For whatever reason, instead of normal June weather, we’ve been having August weather here in Japan this week. Right now it’s in the 90′s, seriously humid (about 70%), and super windy.
Fortunately, I’ve done the laundry, done my workout, gone to the pool to swim laps, vacuumed, and cleaned everything I needed to in the un-air-conditioned part of our apartment. This means I get to spend the hottest part of the day hidden away in my dark air-conditioned cave (i.e. the living room with all sliding doors closed and curtains drawn) and rest. At least until dinner time, and then I’ll have to go into our super hot kitchen to cook dinner. But for now, I’m good.
Yesterday at karate, I found out that there’s a level test (the test to move up a rank in karate and get a different colored belt) this coming Sunday. I had no clue. Near the end of class we all practiced different kata (routines of specific karate moves performed in succession), mainly for those who’ll be taking the test on Sunday. The teacher asked one black belt, who’s been helping me learn the kata required for a white belt to level up, which kata I knew. She told him I knew all the kata required for the level test for white-belts (beginners, bottom level), so the teacher said, “Oh! Well you should just take the test this Sunday then!”
Now I thought he was joking, and laughed it off, but after class, one of the other students I’m friends with asked me if I was going to take the test. I told her I thought the teacher was joking, because I’ve only taken karate for a little over a month, and usually you have to take karate for at least three months before you can take a level test.
She told me she didn’t think he was joking, and I should take the level test, that way we could take it together (she’s also taking the test on Sunday). I asked the teacher if he was serious when he said I should take the test. He said that, yeah, he was, and then handed me an application. Although I know all of the moves and kata I need to know for the test, there’s a written test as well (in Japanese). The most important part of the written test is writing the dojo oath (in Japanese). I asked the teacher about that, because I knew there was no way I could memorize the oath (in Japanese) before Sunday, but he told me I could write it in English this time. As for the other questions, he said not to worry about them this time, lol. Evidently when your a white belt, they go pretty easy on you for your first level test.
So yeah. I have my first level test on Sunday. Although most of the test will be performed with everyone else trying to level up, I think I’ll be the only white belt from the adult class, so I’ll have to do the kata by myself in front of everyone (gah!).
Psh, nervous? Me? Never! *cough*
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I tried out two more French recipes for dinner last night: French onion soup and Salade Niçoise (pronounced [nee-swahz]). Both came out well, although the soup took longer to make than I expected.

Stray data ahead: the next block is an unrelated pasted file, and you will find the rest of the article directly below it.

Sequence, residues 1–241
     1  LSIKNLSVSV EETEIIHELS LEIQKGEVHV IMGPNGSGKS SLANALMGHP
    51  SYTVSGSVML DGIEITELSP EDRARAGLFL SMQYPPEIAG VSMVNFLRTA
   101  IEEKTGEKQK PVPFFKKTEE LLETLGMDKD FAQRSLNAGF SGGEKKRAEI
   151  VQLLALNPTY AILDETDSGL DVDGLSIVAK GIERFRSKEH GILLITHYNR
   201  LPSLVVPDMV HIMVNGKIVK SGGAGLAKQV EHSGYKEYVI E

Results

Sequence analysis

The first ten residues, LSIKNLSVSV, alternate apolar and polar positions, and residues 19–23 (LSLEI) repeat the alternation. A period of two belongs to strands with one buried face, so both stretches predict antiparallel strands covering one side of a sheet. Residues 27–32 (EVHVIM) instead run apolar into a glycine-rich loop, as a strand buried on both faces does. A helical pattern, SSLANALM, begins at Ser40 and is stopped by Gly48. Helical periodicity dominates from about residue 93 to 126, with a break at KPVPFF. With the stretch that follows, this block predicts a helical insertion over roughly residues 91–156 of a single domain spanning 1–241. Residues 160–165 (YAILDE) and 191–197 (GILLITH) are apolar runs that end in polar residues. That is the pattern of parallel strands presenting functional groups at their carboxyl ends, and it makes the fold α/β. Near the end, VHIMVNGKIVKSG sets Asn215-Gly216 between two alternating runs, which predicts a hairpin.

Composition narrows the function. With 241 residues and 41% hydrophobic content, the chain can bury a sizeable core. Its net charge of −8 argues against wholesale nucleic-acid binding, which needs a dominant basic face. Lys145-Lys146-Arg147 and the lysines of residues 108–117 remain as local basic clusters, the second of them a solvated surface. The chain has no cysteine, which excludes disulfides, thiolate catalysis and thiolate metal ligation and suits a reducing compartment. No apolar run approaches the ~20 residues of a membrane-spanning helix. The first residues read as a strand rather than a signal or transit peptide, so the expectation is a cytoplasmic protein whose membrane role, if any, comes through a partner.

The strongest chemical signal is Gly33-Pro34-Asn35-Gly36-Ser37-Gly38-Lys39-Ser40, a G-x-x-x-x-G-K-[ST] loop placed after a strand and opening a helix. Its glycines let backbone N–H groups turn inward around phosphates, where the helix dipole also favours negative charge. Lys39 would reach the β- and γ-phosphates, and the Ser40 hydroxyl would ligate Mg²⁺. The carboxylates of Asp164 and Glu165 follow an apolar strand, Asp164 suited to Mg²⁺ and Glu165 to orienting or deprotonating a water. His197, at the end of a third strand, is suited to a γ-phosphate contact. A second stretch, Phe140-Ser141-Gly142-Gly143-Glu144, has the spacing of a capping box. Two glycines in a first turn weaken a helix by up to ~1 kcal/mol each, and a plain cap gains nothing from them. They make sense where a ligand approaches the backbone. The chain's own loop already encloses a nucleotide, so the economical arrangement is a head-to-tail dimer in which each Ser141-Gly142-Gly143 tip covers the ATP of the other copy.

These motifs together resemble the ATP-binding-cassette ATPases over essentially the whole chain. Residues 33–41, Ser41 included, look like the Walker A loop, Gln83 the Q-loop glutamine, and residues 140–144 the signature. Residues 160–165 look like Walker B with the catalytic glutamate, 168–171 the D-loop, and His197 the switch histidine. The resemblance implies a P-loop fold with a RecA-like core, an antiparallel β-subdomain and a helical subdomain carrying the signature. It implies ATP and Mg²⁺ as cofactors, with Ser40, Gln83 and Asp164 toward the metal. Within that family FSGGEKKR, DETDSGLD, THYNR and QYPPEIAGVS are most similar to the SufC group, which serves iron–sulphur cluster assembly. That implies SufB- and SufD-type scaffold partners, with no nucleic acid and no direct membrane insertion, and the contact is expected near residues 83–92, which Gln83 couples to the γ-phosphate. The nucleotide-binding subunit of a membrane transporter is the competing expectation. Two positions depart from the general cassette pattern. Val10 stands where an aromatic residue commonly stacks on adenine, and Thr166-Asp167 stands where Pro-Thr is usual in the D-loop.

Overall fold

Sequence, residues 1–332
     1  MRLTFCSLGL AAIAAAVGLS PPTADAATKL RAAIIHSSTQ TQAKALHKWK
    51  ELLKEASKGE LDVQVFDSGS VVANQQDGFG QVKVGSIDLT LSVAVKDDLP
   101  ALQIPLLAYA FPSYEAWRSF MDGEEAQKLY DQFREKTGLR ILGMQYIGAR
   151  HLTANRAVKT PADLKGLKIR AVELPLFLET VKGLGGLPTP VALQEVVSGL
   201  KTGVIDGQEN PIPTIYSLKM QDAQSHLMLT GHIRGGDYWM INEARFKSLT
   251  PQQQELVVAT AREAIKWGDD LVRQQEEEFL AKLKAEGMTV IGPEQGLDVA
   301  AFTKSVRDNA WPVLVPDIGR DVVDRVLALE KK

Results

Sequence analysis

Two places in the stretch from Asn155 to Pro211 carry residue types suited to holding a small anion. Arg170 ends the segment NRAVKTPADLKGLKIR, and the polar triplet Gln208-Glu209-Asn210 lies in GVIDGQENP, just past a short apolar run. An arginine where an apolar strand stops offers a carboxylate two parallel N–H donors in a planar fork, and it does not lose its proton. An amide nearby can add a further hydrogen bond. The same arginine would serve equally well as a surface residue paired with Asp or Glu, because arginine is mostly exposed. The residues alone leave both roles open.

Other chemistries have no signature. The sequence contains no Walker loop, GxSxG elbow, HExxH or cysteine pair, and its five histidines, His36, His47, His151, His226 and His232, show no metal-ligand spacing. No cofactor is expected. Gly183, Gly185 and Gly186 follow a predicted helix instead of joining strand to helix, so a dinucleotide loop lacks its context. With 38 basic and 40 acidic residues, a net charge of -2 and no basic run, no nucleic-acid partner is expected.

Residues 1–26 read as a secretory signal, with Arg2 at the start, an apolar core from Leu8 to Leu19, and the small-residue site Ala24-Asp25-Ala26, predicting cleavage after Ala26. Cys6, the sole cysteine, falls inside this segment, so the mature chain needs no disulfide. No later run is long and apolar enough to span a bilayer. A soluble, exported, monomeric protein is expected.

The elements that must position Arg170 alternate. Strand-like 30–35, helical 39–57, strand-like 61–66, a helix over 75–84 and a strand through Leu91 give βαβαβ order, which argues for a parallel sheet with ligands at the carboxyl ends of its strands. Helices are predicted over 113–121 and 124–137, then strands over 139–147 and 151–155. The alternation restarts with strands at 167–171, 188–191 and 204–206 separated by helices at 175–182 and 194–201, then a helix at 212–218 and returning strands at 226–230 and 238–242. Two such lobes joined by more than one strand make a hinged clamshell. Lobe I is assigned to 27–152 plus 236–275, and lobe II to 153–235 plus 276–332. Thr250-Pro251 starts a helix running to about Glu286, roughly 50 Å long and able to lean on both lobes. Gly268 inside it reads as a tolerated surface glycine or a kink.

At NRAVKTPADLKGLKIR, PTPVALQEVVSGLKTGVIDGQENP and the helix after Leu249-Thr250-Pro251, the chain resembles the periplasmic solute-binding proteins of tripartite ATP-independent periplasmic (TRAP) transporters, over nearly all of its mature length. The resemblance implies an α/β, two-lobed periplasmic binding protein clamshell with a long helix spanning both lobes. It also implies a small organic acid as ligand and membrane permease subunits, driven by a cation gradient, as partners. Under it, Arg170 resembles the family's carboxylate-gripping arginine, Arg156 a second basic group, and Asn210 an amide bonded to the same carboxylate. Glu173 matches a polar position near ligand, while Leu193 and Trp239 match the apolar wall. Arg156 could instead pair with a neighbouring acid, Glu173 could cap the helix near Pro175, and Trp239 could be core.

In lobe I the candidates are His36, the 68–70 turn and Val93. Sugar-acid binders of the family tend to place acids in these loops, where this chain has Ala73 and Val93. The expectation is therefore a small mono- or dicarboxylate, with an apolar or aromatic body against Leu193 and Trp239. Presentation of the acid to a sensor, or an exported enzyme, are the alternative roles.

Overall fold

Now I’ve had French onion soup before, but this was my first time to have Niçoise salad. I loved it though! All those vegetables! And on top of that, olives and capers! Yay! If you read my post about spaghetti puttanesca, you’ll remember that I love anything with olives and capers in it.
It was a lovely salad, and not at all hard to make. The dressing is also very simple. I recommend this as a good summer dish to make for dinner.
I had no chervil for this, so I just left it out. No biggy. Also, Niçoise olives are basically non-existent here as far as I know, so I used good ole black olives. Again, no biggy.
Salade Niçoise (serves 2 – 3)
- 1 carrot, cut into matchsticks
- 1/2 large red bell pepper, de-seeded and thinly sliced
- 1/2 red onion, thinly sliced and cut into 1 1/2 in. pieces
- 2 cans olive oil packed tuna, drained
- 1/4 c. lemon juice
- 1 tsp. dijon mustard
- 1 clove garlic, minced
- 1 Tbsp fresh chervil, diced
- 1/3 c. extra-virgin olive oil
- sea salt and pepper
- 2 red potatoes (about 1/2 – 2/3 pound)
- 1/2 lb. green beans, trimmed and cut into 1 1/2 in. pieces
- 1/2 c. Niçoise olives, drained and sliced
- 1 – 1 1/2 Tbsp. capers
- 1 1/2 Tbsp fresh basil, chopped
- 2 eggs
- 1 small tomato, or 1/2 c. cherry tomatoes
- In a small jar (old clean jam jars work great for this) add lemon juice, mustard, garlic, chervil, olive oil, and a dash of salt and pepper. Screw on lid tightly and shake vigorously about 10 times. Set aside.
- Heat a large pot of water to boiling. Add potatoes and cook until tender, but not completely soft, about 15 minutes. Add the two whole eggs into the same pot and boil for about ten minutes. Add green beans to the pot in the last 4 – 5 minutes of boiling. Drain everything. Run green beans under cold water and add to a large bowl. Set potatoes aside to cool. When cool, cut into large matchsticks and add to bowl. Peel the eggs, slice them, and set aside.
- Add the carrots, red bell pepper, red onion, drained tuna, sliced olives, capers, and chopped basil to the bowl.
- Slice the tomato into quarters (or if using cherry tomatoes, cut in half) and add to the bowl.
- Pour just enough of the dressing over the salad to moisten everything, and toss well, making sure not to mash the potatoes. Divide between serving plates. Arrange the sliced boiled eggs on top of the salad and serve with the remaining dressing for anyone who wants to add more.
You might be thinking, “Wait! That’s the wrong kind of cheese on the French onion soup!” I know, I know. But seriously, if you actually can find gruyère cheese in Japan, it’s ridiculously expensive for a tiny amount, so I used the cheese I had. Also, our Japanese broiler is mainly meant for fish, so two bowls of soup wouldn’t exactly fit. To improvise, I just toasted the baguette slices with cheese on them in the toaster, and then placed them on top of the soup. It might not look as pretty, but it sure tasted good!